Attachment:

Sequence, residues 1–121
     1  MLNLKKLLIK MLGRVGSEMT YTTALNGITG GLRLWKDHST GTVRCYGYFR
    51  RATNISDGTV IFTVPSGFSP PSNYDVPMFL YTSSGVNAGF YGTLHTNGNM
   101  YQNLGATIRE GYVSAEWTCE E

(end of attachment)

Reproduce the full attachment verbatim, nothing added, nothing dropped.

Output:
Sequence, residues 1–121
     1  MLNLKKLLIK MLGRVGSEMT YTTALNGITG GLRLWKDHST GTVRCYGYFR
    51  RATNISDGTV IFTVPSGFSP PSNYDVPMFL YTSSGVNAGF YGTLHTNGNM
   101  YQNLGATIRE GYVSAEWTCE E